The two major issues with asphalt roadways are their lifespan and their vulnerability to weather and temperature. The optimum lifespan of an asphalt road is about 25 years and that is dependent on a large variety of factors. In the Northern United States, this lifespan could substantially less, 15 to 20 years. One of the largest frustrations with our current road systems is the time it takes to build and resurface roadways. Many of the solutions proposed are costly and un-sustainable.
Spearheaded by Dutch company VolkerWessels a new innovative solution called Project Plastic Road looks to solve many of the issues that plague our current road infrastructure. Plastic Road's proposed road system will be modular and made out of entirely 100% recycled materials. The idea is to turn recycled plastic into modular prefabricated roads that can be dropped into place. VolkerWessels claims that this system could have a longevity of 3 times more than asphalt, and because the pieces are modular and interchangeable replacing a road could take a fraction of the time it takes now.
According to VolkerWessels, using Project Plastic Road opens up innovations that asphalt does not have the ability to incorporate. Roads can be fitted for power generation, quiet road surfaces, heated roads and, of course, modular replaceable road panels.
One of the things that stands out to me about this product is the ability to have lines in the road be integral and not fade, as well as having the ability to run city infrastructure through the hollow core could really be a game changer for how city infrastructure is planned and implemented.
There’s no shortage of company’s trying to improve the world’s roadways. Asphalt and concrete each have their own disadvantages, especially when maintenance environmental factors are taken into consideration. Plastic is a major problem for landfills, as well, as it can take an estimated 500 years to fully decompose. One UK company believes they can solve both maintenance and environmental problems through the use of recycled plastic.
Feeling the pressure of 9 straight quarters with a decline in total revenue, Caterpillar has acquired the equipment sharing startup, Yard Club, to get help dig themselves out of the dirt. Their most recent quarter was the company’s first positive revenue quarter since November of 2012.
I’m a firm believer that before robots start taking over construction jobs, we’ll first be working with robotics to make workers more efficient and our job sites more functional. Instead of using 3D printing robots to build an entire project, why not use them first to create intricate details and bring character back to buildings? Instead of pushing human labor out of the way, why not use robotics to enhance the abilities of our workers, to improve their health and productivity? With rise in development commercial exoskeletons, workers will soon be able to harness additional strength by just slipping on a suit.
Last year, Tesla announced a new disruptive product to the market in the form of solar roof shingles. Unlike traditional solar roof panels, these shingles mimic the look of traditional terra cotta, clay, and slate tiles, creating a more aesthetically pleasing look. This week, the company began taking pre-orders for the roof shingles and also released a cost calculator.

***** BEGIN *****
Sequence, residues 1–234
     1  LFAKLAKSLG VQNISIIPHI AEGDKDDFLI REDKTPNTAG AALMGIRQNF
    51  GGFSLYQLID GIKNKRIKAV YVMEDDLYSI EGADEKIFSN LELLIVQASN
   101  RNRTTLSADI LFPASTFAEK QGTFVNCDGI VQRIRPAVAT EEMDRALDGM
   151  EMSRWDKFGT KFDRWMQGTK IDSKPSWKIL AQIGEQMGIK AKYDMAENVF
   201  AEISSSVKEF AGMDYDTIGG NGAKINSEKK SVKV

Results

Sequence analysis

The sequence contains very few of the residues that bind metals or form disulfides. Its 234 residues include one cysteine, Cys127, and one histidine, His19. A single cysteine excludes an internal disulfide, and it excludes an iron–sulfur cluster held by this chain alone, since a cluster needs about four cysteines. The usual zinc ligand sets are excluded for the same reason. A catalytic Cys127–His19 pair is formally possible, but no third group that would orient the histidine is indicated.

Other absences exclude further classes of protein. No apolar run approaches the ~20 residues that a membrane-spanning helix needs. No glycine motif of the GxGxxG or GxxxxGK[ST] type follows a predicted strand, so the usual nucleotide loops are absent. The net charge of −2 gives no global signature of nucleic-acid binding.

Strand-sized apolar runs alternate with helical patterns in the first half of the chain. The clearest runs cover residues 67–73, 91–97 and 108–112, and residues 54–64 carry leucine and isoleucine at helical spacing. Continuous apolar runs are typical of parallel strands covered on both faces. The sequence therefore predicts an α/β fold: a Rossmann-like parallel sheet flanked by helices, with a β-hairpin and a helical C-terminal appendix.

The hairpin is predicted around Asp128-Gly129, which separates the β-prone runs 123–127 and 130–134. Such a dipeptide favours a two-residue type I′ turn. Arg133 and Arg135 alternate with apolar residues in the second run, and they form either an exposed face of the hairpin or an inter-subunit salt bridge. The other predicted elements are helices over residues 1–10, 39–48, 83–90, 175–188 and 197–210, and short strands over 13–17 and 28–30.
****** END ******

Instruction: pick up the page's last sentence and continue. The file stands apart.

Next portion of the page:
The Massachusetts Institute of Technology (MIT) is constantly researching ways to improve construction process and materials, like this material 10 times the strength of steel, or this solar cell that’s lighter than a soap bubble, or this “reversible concrete.” This time the Institute is showing off its autonomous robot that can spit out building structures on site within hours.
Tracking employees instantaneously is a dream scenario for employers. It gives them tons of data to analyze to determine where money can be saved and where resources can be placed to be most efficient. The struggle is convincing the employees that tracking their every move is not going to get them in trouble or fired. There’s a balance in there somewhere and that’s the challenge facing both employers and tech companies right now.
Two of the most critical concepts of construction safety are the ability to see what you’re doing and to also be seen by others around you. Construction workers rely heavily on their employer providing lighting systems when working in low light conditions, but those systems are not always adequate.
There’s no doubt that the construction industry is behind when it comes to technology, but things are beginning to change. In the past few years, our industry has seen millions of dollars poured into new technology, including smartphone apps, advanced construction materials, and advanced safety equipment. One of the struggles –and perhaps the main struggle- with introducing new technology to the field staff is that many of them have been managing their jobs the same way for a long time. It can be difficult to convince them to change, especially if they have been successful with their current process.
It’s that time again to begin Construction Junkie’s annual search for the best construction podcast! Last year, newcomer to the scene ConTechTrio took home the crown for best podcast and they’re continuing to make waves on the platform, with interviews with heavy hitter guests from the world of construction each episode. 2015’s winner was Cesar Abeid’s Construction Industry Podcast, but unfortunately there have not been any new shows released since August of 2015.
read on to nominate your favorite podcast